“Rev War Revelry” Nathanael Greene, Quartermaster

In March 1778, Major General Nathanael Greene finally consented to become the quartermaster for the Continental army then encamped at Valley Forge. He was loathe to give up his position as a line commander in charge of a division of infantry but with reassurances from General George Washington that he would retain his place and that his expertise was absolutely needed to revitalize the quartermaster department the Rhode Islander agreed.

His work over the next two plus years paid huge dividends. On Sunday, August 21, at 7p.m. EDT join Emerging Revolutionary War on our Facebook page for the next “Rev War Revelry.” Joining ERW will be the American Battlefield Trust’s Senior Education Manager, historian and author Dan Davis.

In reference to Greene’s role as quartermaster general at Valley Forge, Davis said, “Primarily remembered for his actions during the Southern Campaign, Nathanael Greene’s efforts at Valley Forge were critical in sustaining the Continental Army during a crucial period of its history.”

We look forward to a great discussion and hope you can join us for this historian happy hour!

One artist’s depiction of what the encampment at Valley Forge looked like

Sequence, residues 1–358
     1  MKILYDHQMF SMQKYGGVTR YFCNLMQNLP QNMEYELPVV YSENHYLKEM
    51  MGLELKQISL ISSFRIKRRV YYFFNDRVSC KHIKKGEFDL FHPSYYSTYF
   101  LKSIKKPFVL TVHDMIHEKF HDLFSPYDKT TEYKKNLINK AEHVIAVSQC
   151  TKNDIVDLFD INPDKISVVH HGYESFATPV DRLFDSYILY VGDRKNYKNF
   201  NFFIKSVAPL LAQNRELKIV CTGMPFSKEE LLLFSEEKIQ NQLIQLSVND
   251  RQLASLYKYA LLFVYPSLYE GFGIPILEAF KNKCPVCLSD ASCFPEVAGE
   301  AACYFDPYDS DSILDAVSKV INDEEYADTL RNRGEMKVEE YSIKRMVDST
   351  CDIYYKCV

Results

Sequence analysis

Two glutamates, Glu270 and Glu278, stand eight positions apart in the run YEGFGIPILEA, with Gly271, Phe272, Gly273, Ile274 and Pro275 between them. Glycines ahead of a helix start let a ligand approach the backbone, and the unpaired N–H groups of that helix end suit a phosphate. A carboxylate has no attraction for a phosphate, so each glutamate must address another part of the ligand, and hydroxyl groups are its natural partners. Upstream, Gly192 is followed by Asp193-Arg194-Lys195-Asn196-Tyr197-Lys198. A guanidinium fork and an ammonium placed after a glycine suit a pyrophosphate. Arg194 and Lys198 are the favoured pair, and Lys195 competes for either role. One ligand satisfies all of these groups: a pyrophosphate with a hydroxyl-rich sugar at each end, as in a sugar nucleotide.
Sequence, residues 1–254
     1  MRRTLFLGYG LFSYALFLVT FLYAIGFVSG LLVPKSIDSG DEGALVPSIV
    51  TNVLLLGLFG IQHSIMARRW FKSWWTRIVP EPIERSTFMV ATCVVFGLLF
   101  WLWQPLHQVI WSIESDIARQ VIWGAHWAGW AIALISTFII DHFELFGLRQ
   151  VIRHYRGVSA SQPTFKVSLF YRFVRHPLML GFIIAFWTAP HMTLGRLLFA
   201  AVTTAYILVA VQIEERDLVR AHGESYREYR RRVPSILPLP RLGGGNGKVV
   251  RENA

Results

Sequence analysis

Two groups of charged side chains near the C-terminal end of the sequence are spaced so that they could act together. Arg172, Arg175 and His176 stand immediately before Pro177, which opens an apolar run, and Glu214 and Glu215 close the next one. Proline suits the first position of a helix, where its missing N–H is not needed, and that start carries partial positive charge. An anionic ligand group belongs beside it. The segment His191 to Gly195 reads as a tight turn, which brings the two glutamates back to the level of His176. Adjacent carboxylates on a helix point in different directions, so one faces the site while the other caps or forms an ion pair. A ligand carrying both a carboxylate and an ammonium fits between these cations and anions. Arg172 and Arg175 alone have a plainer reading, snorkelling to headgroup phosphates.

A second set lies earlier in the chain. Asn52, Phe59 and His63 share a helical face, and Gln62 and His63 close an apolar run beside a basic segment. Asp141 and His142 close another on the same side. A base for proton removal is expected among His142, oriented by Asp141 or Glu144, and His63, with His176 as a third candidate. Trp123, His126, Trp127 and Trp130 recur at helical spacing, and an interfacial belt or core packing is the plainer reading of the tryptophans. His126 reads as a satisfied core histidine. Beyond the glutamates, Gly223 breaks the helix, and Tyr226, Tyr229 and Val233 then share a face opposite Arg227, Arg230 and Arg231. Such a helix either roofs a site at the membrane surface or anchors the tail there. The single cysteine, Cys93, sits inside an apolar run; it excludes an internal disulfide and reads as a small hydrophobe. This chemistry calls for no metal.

“If General Howe attempts…”

On December 19, 1777 a bedraggled, underfed, undersupplied, and hemorrhaging manpower, the Continental army trudged into their permanent winter encampment at Valley Forge. Located approximately 20 miles from Philadelphia, General George Washington’s army would recuperate, revitalize, re-train, and march out six months later a different military force.

Meanwhile, the British army, victors of Brandywine and survivors of Germantown ensconced themselves in the colonial capital of the rebellious colonies after its peaceful fall on September 26, 1777. Commanded by Sir General William Howe the British were better fed, better equipped, and in theory better suited to continue conducting military operations to quell the rebellion.

Which begs the question, why did Howe not attack Valley Forge?

Sir William Howe

Although historians have grappled with this, there are a number of reasons why Howe did not press the issue during the winter months, some range from personal to logistical to how warfare was conducted in the 18th century.

Was Howe frustrated at Washington for not taking the bait at White Marsh in early December 1777 to fight outside defensive works and envisioned the same reticence would be shown by the Virginian if the British attempted an offensive action toward Valley Forge?